Why the US and Turkey must reform public diplomacy
IVO SOBRAL - MERVE SERENIn the new century, public diplomacy has become an indispensable diplomatic method for international actors, as well as a necessary part of states’ domestic and foreign policies in the national and international area. In this context, 2012 will probably be a very important year for the U.S. and Turkey, because they have both been selected by NATO’s Public Diplomacy Division to implementing all of the organization’s capability for public policy. Turkey’s increasing credibility and influence in the Middle East and the U.S.’s historic background as a democracy exporter and a promoter of freedom creates a unique opportunity for a new public diplomacy.
Did the 9/11 tragedy mean the end of public diplomacy, which had been the best expression of soft power in use since the 1990s? At first, the “war on terror” appeared to support this idea, because military force was used. The unexpected difficulties confronted by military forces in Afghanistan and Iraq have suggested the failure of hard power, and justified the need for a more comprehensive and sensible approach, and the idea of using soft power as a complement to hard power has arisen. Therefore, under the banner of “winning Muslims’ hearts and minds” there has been an increase in public diplomacy activities all around the world, especially in the Middle East.
There is also a search inside NATO for ways to mend fences with the Islamic world, damaged after 9/11. Human security has begun to take precedence over terrorism in NATO’s threat perceptions. The principled support which NATO has given to the Arab Spring can best be explained in terms of the human security approach. In 2011, NATO produced a new intervention strategy, drawing on the lessons of its experience in Afghanistan. The NATO approach was based in not acting unilaterally, but developing close cooperation with the United Nations (U.N.), the Arab League, and the African Union.
Public diplomacy represents a good opportunity for the U.S. to repair its badly damaged image in the Muslim world. President Obama’s Turkey and Cairo speeches, White House Ramadan dinners, exchange student programs, and Public Diplomacy 2.0 program have all amounted to significant public diplomacy initiatives designed to erase misrepresentations of America around the world, but Washington still needs to improve its public diplomacy efforts to cultivate a better public opinion of the U.S. abroad.
Turkey also plays a crucial role under these circumstances as a bridge between Europe, Asia and the Middle East, with a prestigious geographical position, enjoying a good historical and cultural connection with the people of these countries. Turkey has mobilized its soft power potential both in Afghanistan and Libya, and its recent policy of “zero conflict with neighbors” and promoting “Muslim secular identity” offers the potential for more efficient cooperation and increasing credibility among its Balkan, Caucasus, Middle Eastern and Mediterranean neighbors. Ankara has also developed its own international cooperation policy, managing to maintain a balance between being a solid NATO alliance member while at the same time being a vibrant democratic state where Islam is dominant in the culture.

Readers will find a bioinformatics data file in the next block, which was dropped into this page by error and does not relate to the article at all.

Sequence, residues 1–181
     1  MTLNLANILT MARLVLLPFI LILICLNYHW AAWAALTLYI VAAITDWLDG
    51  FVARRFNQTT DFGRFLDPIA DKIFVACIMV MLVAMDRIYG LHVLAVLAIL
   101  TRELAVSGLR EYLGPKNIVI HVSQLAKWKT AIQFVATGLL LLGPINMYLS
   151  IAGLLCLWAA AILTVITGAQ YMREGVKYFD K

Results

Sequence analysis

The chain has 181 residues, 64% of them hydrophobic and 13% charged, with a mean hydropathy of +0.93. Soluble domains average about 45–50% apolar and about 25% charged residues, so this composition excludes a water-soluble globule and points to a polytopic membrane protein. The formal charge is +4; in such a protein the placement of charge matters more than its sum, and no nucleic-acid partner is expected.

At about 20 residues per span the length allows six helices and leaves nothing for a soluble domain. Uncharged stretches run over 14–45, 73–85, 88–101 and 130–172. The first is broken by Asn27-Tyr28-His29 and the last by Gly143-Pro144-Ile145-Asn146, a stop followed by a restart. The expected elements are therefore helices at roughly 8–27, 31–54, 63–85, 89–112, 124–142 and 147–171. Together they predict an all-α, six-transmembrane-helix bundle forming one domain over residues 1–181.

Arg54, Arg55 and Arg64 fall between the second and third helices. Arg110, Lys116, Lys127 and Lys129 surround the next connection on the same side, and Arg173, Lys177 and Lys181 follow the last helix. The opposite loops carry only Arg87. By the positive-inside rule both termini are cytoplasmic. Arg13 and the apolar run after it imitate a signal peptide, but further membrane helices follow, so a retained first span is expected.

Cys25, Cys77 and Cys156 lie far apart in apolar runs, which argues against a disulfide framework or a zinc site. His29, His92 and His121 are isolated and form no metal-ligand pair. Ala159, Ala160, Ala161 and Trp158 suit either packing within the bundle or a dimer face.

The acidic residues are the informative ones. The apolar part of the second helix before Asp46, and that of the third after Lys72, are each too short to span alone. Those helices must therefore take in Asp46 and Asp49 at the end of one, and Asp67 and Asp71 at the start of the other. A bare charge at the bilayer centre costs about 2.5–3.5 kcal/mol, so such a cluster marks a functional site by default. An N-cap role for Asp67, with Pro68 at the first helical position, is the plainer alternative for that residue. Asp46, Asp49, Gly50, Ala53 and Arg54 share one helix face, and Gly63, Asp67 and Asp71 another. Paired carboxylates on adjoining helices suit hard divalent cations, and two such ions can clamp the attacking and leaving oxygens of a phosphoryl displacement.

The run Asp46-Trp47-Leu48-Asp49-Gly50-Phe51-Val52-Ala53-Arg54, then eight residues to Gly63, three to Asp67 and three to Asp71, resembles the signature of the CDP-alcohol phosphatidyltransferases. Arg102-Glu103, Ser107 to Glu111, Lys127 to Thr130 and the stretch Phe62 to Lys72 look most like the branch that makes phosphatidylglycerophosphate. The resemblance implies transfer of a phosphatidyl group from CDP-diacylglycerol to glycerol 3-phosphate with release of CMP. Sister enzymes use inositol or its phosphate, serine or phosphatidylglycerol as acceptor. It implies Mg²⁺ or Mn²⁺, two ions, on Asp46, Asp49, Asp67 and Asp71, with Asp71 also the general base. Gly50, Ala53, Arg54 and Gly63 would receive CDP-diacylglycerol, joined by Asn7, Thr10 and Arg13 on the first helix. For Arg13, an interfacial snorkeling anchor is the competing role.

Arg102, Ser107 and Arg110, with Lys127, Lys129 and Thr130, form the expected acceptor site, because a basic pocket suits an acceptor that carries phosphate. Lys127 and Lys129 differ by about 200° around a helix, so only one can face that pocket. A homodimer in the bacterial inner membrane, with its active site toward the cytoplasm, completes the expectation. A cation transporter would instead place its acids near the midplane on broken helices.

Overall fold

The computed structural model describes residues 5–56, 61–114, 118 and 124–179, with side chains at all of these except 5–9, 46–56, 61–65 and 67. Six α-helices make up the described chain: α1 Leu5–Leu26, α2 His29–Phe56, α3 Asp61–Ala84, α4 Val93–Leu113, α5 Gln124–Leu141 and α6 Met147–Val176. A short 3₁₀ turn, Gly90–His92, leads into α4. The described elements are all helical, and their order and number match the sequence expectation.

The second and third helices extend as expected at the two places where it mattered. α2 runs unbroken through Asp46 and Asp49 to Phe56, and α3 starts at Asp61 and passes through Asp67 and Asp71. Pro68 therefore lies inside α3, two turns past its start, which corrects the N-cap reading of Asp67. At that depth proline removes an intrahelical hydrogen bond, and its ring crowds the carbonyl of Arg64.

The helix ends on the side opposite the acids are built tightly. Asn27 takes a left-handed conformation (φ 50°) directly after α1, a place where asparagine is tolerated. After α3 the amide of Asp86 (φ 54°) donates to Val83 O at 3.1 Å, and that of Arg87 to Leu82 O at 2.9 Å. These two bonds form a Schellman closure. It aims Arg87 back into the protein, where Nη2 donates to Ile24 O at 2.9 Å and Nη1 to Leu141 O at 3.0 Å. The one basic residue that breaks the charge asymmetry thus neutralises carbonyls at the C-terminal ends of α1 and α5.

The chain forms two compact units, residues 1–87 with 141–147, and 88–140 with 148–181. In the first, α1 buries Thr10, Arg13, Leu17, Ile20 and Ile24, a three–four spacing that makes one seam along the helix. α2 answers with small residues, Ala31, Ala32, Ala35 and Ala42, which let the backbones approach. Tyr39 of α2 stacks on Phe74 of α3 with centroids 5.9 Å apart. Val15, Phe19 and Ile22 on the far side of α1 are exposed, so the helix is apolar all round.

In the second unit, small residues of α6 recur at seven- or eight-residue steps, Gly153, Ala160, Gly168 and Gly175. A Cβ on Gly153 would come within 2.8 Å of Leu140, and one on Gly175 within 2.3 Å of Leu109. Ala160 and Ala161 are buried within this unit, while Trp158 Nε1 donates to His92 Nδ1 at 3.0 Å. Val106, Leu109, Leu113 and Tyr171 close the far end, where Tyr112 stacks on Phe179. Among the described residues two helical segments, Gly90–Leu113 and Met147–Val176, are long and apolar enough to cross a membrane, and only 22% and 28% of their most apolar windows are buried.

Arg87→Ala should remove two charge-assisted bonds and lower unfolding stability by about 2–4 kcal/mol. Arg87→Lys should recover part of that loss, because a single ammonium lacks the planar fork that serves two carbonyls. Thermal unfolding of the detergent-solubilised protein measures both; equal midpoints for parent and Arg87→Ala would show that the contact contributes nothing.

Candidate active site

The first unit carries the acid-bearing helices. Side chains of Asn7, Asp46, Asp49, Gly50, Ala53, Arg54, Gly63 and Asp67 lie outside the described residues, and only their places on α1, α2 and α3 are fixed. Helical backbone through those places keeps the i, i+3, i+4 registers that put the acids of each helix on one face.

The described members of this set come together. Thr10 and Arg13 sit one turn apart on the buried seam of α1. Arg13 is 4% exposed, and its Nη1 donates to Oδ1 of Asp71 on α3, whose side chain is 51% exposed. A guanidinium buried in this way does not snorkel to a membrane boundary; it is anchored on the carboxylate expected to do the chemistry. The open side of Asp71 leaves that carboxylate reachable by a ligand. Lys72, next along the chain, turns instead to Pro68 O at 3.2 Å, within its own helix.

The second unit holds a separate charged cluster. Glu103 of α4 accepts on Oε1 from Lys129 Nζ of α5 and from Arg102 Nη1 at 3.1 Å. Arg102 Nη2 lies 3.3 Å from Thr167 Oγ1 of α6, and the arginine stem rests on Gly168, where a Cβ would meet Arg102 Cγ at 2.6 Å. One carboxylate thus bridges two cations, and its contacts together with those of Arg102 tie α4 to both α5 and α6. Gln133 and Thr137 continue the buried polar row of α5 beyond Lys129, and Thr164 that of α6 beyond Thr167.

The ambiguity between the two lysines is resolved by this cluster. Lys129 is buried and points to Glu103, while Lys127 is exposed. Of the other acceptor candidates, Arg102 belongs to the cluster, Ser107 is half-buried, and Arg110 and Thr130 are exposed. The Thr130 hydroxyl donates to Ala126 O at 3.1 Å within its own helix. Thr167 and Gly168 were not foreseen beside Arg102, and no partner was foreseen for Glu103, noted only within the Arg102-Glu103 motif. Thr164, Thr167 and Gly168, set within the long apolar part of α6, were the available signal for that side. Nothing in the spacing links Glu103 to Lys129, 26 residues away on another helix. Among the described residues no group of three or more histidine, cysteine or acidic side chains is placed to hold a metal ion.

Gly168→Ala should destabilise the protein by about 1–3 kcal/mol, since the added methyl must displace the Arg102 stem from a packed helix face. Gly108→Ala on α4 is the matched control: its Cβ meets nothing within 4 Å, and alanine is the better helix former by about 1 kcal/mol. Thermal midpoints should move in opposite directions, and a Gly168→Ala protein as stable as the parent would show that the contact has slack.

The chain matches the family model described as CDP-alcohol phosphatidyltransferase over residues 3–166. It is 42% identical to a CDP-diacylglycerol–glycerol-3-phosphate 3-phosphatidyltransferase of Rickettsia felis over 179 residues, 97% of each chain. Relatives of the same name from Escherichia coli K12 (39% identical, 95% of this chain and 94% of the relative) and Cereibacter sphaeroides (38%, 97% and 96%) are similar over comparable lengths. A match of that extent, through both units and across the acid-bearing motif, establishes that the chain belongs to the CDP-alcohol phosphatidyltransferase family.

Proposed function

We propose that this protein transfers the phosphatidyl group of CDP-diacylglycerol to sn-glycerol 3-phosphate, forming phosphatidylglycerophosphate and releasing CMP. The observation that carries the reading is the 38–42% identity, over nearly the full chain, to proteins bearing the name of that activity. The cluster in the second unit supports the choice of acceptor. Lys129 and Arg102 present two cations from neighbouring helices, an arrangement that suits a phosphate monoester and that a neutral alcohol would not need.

The U.S. and Turkey need to increase their efforts to implement a more effective public diplomacy. This is a necessity not only to support NATO’s vision and ideas, but also to rationalize the policies in the eyes of their own respective publics due to their national and regional interests. Certainly, these two countries have potential power, but they need to show it by using diplomatic mobility to serve the interests of local people.
In brief, the lack of public diplomacy creates a potential challenge for the effective implementation of the new security concept. Despite some failures, the fact is that people still trust and have expectations from NATO. Therefore, an effective public diplomacy is a prerequisite for NATO’s future vision, in order for it to regain its credibility as still continuing to be the world’s most powerful defense alliance. Consequently, NATO’s ambition to build a new relationship with the nations of the Middle East can pave the way for an invaluable partnership between the two sides.
*Ivo Sobral is Assistant Professor at Universidade Fernando Pessoa, in Portugal. Merve Seren is a Ph.D. Candidate in Turkey. Seren and Sobral are both members of the Atlantic Council Young Atlanticist NATO Summit and Working Group.